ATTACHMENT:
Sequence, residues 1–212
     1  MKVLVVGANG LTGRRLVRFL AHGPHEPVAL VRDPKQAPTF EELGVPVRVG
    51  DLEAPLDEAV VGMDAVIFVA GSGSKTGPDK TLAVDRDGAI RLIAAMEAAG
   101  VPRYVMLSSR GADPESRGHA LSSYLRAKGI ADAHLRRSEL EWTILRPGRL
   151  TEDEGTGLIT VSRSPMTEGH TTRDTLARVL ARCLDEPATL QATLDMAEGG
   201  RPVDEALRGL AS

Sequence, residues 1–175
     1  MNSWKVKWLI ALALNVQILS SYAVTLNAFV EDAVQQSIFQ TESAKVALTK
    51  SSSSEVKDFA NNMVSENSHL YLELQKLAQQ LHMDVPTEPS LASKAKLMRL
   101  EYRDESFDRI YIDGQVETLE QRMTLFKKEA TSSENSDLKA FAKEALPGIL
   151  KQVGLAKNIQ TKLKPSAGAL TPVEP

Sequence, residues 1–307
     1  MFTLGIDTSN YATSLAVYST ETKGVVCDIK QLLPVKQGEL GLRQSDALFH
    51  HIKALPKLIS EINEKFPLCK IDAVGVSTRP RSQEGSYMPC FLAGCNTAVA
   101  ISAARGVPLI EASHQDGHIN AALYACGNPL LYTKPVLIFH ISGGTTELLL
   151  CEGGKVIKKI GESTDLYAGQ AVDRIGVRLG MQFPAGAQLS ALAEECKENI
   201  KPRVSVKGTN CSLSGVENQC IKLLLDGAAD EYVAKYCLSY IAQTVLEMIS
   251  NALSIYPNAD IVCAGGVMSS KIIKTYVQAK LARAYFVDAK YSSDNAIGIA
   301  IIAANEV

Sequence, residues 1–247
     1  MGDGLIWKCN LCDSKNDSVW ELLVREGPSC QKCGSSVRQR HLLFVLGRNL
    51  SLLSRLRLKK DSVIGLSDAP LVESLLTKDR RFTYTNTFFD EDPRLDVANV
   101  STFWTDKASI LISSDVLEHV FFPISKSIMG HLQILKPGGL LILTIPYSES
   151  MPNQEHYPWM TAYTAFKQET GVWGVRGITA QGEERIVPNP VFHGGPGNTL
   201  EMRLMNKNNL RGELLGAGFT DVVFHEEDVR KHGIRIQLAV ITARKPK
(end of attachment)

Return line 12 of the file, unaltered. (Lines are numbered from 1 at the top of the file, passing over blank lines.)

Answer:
Sequence, residues 1–307